Using Words and Things: Language and Philosophy of Technology

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Mark Coeckelbergh, Using Words and Things: Language and Philosophy of Technology, Routledge, 2017, 295 pp., $140.00, ISBN 9781138694163.

Reviewed by Krzysztof Ziarek, University at Buffalo


While the title aptly reflects the cluster of issues and relations discussed by Coeckelbergh, the book's focus is the philosophy of technology and its main aim is to inquire into and begin articulating in new and more complex ways the relationship between technology and language. This undertaking comes as a response to what the author perceives as "a gap between philosophy of technology and philosophy of language" (8). To remedy the lack of systematic reflection in contemporary philosophy of technology on the relation between technology and language, Coeckelbergh engages with a wide spectrum of texts not only in philosophy of technology but also, and primarily, in philosophy of language, postmodern thought and poststructuralism, as well as with more recent responses to those developments.

This breadth of treatment is one of the book's strengths, as it allows Coeckelbergh to survey an impressive array of texts that are infrequently discussed together or seen as sources of parallel insights: from Wittgenstein, Heidegger, Husserl, Dewey, and Merleau-Ponty, to Austin, Searle, McLuhan, Foucault, Lyotard, Derrida, Ricoeur, Baudrillard, Virilio, Dreyfus, Ihde, Latour, Akrich, Verbeek, Harman, Kellner, Pickering, Winner, and others. As Coeckelbergh declares, his approach is synthetic and integrative, as his study focuses on finding similarities between an array of thinkers from Continental and analytic traditions of philosophy, in order to facilitate asking questions and opening new, undeveloped or underappreciated avenues of inquiry into our understanding of technology, avenues that are opened specifically by parallels between philosophy of language and philosophy of technology. As the "Introduction" indicates, this take reappraises the old debate about the relation and the distinction between words and things and the role they play in shaping experience and thought. Following this line of inquiry, Coeckelbergh is less interested in faithfully reflecting the approaches developed by various thinkers than in inducing rapprochements and in creatively modifying and extending those views by injecting insights from other sources. Casting this wide net of relationships and points of confluence among a panoply of thinkers, the book provides an overview of the relation between language and technology in 20th and 21st century philosophy, on the one hand, and assembles a set of concepts and nodal points which are to help future inquiry into technology and into the role it plays in shaping experience and thought, on the other. By design, it is a patchwork of ideas meant to provoke questioning and provide tools for the reassessment of philosophy of technology in light of insights from a wide array of broadly contemporary approaches to language and to the concept of the human being, including the relatively recent notion of the posthuman.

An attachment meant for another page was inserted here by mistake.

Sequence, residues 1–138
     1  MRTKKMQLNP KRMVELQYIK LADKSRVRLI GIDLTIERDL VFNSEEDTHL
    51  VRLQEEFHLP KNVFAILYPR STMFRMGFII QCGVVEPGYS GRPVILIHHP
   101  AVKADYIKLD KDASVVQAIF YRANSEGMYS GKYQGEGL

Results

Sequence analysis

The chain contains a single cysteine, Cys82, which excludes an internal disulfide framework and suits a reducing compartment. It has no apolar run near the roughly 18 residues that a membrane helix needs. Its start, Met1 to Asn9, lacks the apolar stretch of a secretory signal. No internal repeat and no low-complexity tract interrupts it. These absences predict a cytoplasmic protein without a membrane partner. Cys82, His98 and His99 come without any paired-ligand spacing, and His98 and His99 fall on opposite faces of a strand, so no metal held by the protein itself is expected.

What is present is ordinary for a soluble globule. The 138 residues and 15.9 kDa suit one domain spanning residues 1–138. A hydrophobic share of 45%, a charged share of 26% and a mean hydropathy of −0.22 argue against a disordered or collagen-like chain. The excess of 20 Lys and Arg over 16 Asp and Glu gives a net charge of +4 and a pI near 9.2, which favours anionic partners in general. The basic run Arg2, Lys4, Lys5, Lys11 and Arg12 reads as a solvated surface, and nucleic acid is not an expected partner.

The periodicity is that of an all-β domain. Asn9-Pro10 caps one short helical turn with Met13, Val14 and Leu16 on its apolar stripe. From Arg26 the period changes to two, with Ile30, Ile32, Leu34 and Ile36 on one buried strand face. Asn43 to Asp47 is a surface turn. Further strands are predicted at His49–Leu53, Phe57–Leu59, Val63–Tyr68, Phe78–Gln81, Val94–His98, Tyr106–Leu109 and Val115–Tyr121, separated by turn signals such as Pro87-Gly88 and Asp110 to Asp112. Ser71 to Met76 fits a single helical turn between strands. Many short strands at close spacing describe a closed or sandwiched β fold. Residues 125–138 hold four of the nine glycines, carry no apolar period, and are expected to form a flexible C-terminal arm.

The foundation of Coeckelbergh's dialogic approach comes from the intersection of ideas about language and technology in Wittgenstein and Heidegger, although in the overall perspective of the book, it is Wittgenstein who emerges as the key interlocutor -- and in particular, his notions of "form of life" and "language game." The book starts with "criticizing [the] instrumental view of technology by using Wittgenstein and Heidegger" (11). The critique of the instrumental and anthropological -- perhaps better, anthropocentric -- conception of technology comes from Heidegger's well-known "The Question Concerning Technology." Using Wittgenstein's comparison of language and technology, Coeckelbergh extends Wittgenstein's understanding of language to philosophy of technology: technology is thus considered in terms of its being embedded in forms of life and analyzed in its use, that is, in the various social and cultural "games" in which technology is practiced today but which it also informs and shapes in crucial and sometimes decisive ways.